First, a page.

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Case Reports in Neurological Medicine
Volume 2017, Article ID 9131579, 4 pages
Case Report

Evolution of Cerebral Atrophy in a Patient with Super Refractory Status Epilepticus Treated with Barbiturate Coma

1Department of Neurology, University of Missouri, 5 Hospital Drive, CE 540, Columbia, MO 65211, USA
2Cleveland Clinic, Department of Neurology, Cerebrovascular Center, 9500 Euclid Avenue, Cleveland, OH 44125, USA
3Cleveland Clinic, Department of Pharmacy, 9500 Euclid Avenue, Cleveland, OH 44125, USA
4Cleveland Clinic, Department of Neurology, Epilepsy Center, 9500 Euclid Avenue, Cleveland, OH 44125, USA
5Wake Forest University School of Medicine, Neurology and Critical Care (Anesthesia), Reynolds M, Medical Center Blvd, Winston Salem, NC 27157, USA

Correspondence should be addressed to Christopher R. Newey; ude.iruossim.htlaeh@cyewen

Received 30 August 2016; Revised 1 December 2016; Accepted 12 December 2016; Published 15 January 2017

Academic Editor: Samuel T. Gontkovsky

Copyright © 2017 Christopher R. Newey et al. This is an open access article distributed under the Creative Commons Attribution License, which permits unrestricted use, distribution, and reproduction in any medium, provided the original work is properly cited.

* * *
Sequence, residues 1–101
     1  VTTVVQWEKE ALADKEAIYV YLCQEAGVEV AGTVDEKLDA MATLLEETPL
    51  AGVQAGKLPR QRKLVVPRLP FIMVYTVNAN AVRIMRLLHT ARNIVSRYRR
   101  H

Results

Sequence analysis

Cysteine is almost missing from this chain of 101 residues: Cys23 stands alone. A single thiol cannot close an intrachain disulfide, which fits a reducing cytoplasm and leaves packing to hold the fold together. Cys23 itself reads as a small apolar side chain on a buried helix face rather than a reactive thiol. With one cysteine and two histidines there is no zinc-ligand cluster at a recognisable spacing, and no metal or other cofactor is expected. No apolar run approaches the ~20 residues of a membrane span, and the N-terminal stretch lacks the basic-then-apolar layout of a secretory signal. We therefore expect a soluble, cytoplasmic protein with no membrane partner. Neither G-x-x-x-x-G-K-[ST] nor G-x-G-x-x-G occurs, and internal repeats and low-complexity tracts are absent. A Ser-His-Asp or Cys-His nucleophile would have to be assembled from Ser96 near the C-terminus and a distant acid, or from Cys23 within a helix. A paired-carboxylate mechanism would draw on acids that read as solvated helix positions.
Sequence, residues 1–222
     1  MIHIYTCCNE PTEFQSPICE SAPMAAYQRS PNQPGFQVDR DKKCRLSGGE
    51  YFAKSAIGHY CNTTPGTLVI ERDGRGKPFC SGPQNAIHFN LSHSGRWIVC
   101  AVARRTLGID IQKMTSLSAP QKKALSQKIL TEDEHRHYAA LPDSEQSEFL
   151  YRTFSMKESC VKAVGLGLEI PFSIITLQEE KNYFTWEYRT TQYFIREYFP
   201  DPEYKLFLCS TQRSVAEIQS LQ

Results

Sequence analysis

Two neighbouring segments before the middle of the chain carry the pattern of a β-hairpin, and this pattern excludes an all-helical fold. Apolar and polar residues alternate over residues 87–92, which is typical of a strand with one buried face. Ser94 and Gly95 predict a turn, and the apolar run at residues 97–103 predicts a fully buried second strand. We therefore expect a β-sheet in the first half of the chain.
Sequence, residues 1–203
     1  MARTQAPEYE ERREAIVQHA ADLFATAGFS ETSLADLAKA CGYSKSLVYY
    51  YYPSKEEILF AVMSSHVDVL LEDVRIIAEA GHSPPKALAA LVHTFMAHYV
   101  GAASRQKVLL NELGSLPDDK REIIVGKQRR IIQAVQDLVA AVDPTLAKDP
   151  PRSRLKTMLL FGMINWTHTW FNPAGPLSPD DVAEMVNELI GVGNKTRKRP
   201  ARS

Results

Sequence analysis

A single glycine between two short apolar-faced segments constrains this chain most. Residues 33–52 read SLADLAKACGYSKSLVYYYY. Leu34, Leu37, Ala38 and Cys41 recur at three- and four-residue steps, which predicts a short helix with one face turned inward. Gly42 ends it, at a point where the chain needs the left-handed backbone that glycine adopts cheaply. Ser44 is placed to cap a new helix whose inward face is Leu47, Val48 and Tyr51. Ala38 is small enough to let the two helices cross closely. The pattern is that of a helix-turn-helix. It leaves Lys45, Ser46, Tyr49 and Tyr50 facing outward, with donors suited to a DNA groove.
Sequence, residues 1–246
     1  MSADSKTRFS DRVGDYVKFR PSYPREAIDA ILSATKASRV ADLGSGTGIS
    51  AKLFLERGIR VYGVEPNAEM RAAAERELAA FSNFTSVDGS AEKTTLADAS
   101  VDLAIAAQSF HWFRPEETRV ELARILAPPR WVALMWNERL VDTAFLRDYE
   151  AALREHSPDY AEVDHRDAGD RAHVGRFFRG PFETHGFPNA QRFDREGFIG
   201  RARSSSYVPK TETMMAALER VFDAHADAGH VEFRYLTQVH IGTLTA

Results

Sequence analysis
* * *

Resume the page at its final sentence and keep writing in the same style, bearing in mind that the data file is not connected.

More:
Introduction. Status epilepticus is associated with neuronal breakdown. Radiological sequelae of status epilepticus include diffusion weighted abnormalities and T2/FLAIR cortical hyperintensities corresponding to the epileptogenic cortex. However, progressive generalized cerebral atrophy from status epilepticus is underrecognized and may be related to neuronal death. We present here a case of diffuse cerebral atrophy that developed during the course of super refractory status epilepticus management despite prolonged barbiturate coma. Methods. Case report and review of the literature. Case. A 19-year-old male with a prior history of epilepsy presented with focal clonic seizures. His seizures were refractory to multiple anticonvulsants and eventually required pentobarbital coma for 62 days and midazolam coma for 33 days. Serial brain magnetic resonance imaging (MRI) showed development of cerebral atrophy at 31 days after admission to our facility and progression of the atrophy at 136 days after admission. Conclusion. This case highlights the development and progression of generalized cerebral atrophy in super refractory status epilepticus. The cerebral atrophy was noticeable at 31 days after admission at our facility which emphasizes the urgency of definitive treatment in patients who present with super refractory status epilepticus. Further research into direct effects of therapeutic coma is warranted.